Mary Baker Eddy, speaking of divine Mind or God, once said to a class that she was teaching: “We, to-day, in this class-room, are enough to convert the world if we are of one Mind; for then the whole world will feel the influence of this Mind; as when the earth was without form, and Mind spake and form appeared” (Miscellaneous Writings 1883–1896, pp. 279–280). Elsewhere in that same book she writes: “Thought imbued with purity, Truth, and Love, instructed in the Science of metaphysical healing, is the most potent and desirable remedial agent on the earth” (p. 4).

Praying collectively for the congregations may be straightforward, but how about praying exclusively for the congregations? In a world that cries out for help for so many situations, isn’t this inward-looking and insular?

One way of seeing this Manual provision is as providing two specific times a week when congregations can unselfishly hold up, cherish, and defend in prayer themselves as a congregation, as well as other Christian Science congregations. Beyond praying for yourself, which you can do at other times, the motivation for this prayer is to strengthen congregations around the world to more effectively respond to the world’s challenges. Christian Science congregations are special. No other groups of people dedicate themselves to affirming the Science of being together twice a week. The solution to every problem lies in this teaching, and Christian Science congregations are making it available, not by advertising it on billboards, but much more powerfully through supporting each other in living the truths of Christian Science. 

What a Cause to celebrate! And what a Cause to guard! What Paul calls the carnal mind (see Romans 8:7) might put forth that congregations are discouraged, dwindling, ineffective, etc. But every Sunday and Wednesday in branches in dozens of countries, congregants unite in prayer with their own congregation and with hundreds of other congregations to deny such suggestions; to illustrate, congregations in the United States pray with and for those in France, who are praying in solidarity with congregations in Cameroon, who are supporting in prayer those in Australia, and so on. And of course one can think of all the members of The Mother Church as constituting a single, united congregation praying together constantly.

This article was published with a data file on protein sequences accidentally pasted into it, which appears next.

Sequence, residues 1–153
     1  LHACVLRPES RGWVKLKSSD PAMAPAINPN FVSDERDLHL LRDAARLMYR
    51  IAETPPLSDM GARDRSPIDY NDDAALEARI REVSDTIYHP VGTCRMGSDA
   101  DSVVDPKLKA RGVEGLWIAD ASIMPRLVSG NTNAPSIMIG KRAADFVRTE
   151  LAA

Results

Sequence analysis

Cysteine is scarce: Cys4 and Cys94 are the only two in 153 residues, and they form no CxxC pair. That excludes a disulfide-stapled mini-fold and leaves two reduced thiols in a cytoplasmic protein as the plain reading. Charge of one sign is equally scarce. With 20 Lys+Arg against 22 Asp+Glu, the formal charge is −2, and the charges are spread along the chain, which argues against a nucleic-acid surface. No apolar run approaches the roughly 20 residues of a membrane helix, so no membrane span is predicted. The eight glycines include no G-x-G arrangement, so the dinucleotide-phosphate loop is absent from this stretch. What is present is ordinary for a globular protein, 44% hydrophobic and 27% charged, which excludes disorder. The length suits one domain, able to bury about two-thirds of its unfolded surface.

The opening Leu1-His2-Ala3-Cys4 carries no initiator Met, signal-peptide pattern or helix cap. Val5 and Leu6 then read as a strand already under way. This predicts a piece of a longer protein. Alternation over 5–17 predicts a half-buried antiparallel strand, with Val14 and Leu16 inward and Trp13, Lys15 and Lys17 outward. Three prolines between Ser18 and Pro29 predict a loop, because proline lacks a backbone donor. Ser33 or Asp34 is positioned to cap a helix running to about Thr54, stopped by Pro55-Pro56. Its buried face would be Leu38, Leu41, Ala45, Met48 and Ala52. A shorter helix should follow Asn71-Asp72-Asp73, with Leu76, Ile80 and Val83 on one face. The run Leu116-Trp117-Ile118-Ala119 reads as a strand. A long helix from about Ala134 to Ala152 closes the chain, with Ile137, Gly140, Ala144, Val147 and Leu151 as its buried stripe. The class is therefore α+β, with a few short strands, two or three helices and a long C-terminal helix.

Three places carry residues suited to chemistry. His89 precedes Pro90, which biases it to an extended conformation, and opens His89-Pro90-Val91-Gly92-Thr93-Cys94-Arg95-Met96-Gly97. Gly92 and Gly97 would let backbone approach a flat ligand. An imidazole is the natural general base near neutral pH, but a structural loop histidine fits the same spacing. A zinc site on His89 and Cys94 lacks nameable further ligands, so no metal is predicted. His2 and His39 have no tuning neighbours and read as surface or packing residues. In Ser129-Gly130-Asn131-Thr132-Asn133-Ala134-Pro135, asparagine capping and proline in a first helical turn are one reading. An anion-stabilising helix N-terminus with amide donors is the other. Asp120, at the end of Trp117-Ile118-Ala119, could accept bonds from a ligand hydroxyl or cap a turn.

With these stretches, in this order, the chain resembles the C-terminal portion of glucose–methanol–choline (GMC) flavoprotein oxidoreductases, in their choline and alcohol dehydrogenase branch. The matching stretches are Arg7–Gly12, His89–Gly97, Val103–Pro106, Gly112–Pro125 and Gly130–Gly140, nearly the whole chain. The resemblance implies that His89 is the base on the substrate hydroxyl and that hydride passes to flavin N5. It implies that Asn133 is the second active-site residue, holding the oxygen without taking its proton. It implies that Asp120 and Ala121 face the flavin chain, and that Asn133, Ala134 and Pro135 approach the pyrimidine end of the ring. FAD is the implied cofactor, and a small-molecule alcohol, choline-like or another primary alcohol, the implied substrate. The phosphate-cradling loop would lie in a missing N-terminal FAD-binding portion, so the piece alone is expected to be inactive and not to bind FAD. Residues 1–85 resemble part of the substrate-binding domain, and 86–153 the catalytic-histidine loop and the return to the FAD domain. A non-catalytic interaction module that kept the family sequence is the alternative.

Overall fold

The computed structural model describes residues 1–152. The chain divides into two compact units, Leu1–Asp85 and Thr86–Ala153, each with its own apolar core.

Spiritual intuition shows us what to pray for in churches. During church I love to pray for the holiness, health, and unity of the congregations; the daily living of Christian Science by congregations in their families and communities; the Sunday Schools and branches guiding students in graduating from Sunday School and becoming active church members; the Reading Rooms that congregations are supporting and staffing; the Christian Science treatments (specific prayers for individuals or situations) given by members of congregations. Congregations listening to the Word of God, praising God through singing, and sharing testimonies all contribute to the effectiveness of these prayers.

Services alive with congregants praying for the congregations “collectively and exclusively” heal, uplift, and inspire. What a joy to contribute to these services!

Lyle Young